Splunk integrates with McKenney's, eyes building sensor data

The McKenney's/Splunk partnership highlights how projects focused on the Internet of things and machine-to-machine data are starting.
Written by Larry Dignan, Contributor on

Splunk on Wednesday said that McKenney's, a building automation and security company, will use the company's software as the backbone for its analytics package that gauges the health of elevators, security doors, switches and physical assets.

Specifically, Splunk Enterprise will be integrated with McKenney's bdoc Business Intelligence for Buildings software. McKenney is a reseller of Splunk, which will garner more licenses.

McKenney's launched bdoc to gather facilities data and then manage assets and maintain them. Brian Gilmore, program manager for the Enterprise Intelligence Group within the McKenney’s Automation & Control Solutions (ACS) division, said his company has been working on a project for about a year at a U.S. Air Force base. The project takes data from tens of thousands of buildings and their sensors and processes them. The overall goal is to save $2.5 million a year with a three-year payback.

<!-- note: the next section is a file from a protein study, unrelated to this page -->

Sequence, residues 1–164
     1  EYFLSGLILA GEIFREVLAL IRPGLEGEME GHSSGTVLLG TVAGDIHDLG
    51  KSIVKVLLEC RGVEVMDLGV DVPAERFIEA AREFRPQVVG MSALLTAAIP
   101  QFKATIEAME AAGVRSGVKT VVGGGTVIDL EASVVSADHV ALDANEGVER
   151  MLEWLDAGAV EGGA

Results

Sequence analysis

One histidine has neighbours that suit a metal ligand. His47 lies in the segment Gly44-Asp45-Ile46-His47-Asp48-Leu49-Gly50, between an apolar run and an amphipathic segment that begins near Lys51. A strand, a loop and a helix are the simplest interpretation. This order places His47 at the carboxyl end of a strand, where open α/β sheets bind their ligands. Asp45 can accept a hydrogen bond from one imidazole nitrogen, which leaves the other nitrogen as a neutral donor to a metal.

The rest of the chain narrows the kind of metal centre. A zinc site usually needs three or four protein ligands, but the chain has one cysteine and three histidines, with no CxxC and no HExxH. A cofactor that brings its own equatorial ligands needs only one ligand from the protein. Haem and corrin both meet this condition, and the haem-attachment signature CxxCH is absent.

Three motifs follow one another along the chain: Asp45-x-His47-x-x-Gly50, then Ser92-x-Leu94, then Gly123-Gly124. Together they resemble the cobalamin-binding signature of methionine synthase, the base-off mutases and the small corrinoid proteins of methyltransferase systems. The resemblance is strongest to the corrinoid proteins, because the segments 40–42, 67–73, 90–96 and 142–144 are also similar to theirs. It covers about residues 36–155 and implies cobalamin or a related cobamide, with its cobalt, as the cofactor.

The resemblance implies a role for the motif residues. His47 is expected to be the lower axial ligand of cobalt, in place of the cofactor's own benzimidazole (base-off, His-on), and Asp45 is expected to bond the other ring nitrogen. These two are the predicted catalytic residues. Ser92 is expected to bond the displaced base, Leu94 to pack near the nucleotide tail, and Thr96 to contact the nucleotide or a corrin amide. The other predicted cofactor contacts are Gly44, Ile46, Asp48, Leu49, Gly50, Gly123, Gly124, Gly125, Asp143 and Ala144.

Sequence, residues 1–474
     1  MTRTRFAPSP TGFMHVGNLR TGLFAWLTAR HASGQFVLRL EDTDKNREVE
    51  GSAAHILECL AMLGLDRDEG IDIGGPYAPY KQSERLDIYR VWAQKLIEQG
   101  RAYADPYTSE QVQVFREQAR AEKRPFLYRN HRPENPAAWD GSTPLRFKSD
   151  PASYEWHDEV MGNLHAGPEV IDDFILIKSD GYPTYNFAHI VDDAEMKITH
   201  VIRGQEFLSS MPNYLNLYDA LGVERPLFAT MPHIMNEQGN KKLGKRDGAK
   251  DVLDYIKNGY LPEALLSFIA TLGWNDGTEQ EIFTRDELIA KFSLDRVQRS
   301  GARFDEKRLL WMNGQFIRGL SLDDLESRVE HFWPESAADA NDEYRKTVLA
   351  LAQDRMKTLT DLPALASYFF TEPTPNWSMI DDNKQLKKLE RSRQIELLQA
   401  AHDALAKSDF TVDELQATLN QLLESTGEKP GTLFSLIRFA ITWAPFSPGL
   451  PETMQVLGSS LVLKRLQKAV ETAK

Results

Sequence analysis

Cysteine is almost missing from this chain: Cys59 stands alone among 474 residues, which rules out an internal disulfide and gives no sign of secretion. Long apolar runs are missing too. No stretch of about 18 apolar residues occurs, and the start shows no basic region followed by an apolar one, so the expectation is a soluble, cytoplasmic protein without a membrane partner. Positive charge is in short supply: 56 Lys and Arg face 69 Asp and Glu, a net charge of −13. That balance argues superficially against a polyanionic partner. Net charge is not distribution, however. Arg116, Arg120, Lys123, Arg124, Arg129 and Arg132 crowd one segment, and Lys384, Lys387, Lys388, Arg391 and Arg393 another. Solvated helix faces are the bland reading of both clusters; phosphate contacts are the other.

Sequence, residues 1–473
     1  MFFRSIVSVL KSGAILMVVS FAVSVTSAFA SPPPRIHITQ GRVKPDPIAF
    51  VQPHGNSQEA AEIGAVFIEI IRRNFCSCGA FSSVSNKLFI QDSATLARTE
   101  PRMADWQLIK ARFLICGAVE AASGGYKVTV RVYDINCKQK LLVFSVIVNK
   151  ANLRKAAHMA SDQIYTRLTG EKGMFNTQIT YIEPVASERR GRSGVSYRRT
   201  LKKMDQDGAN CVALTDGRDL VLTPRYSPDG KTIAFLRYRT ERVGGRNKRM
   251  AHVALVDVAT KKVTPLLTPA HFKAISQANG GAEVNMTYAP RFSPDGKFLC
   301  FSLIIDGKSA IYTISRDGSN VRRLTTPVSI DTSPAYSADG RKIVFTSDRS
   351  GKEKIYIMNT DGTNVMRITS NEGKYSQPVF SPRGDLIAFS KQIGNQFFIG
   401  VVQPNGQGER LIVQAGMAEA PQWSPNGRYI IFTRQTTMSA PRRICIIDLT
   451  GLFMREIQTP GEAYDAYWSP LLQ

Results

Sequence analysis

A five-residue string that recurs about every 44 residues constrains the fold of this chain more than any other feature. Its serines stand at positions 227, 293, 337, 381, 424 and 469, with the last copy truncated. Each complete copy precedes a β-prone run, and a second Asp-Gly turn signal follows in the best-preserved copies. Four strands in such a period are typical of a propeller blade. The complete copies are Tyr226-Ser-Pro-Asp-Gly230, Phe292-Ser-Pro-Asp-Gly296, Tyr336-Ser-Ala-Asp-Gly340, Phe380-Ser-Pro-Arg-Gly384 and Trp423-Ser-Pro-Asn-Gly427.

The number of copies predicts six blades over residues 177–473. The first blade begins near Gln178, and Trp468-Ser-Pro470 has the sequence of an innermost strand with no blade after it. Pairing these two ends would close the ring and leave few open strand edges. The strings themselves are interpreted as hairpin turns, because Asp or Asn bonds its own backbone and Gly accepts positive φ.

"Bdoc is part of a much larger energy savings project," said Gilmore, who noted energy savings was the primary return on investment metric. "We can quantify that energy bills are diminishing."

The project at the Eglin Air Force base requires bdoc to take in machine data from 20,000 sensors deployed in 100 buildings. Splunk's analysis tools help correlate anomalies with things like energy utilization.

A view of energy consumption via sensor data.


In the long run, Gilmore said the Air Force base project will highlight operational gains and things such as decreased wear and tear on equipment, lower failure rates and a decrease in major building issues. "We're setting an example at the base and saying that building managers can use the same business intelligence tools corporations use to apply data."

The McKenney's/Splunk partnership highlights how the Internet of things and machine-to-machine data is starting to ramp. Big vendors such as IBM are already targeting the space.


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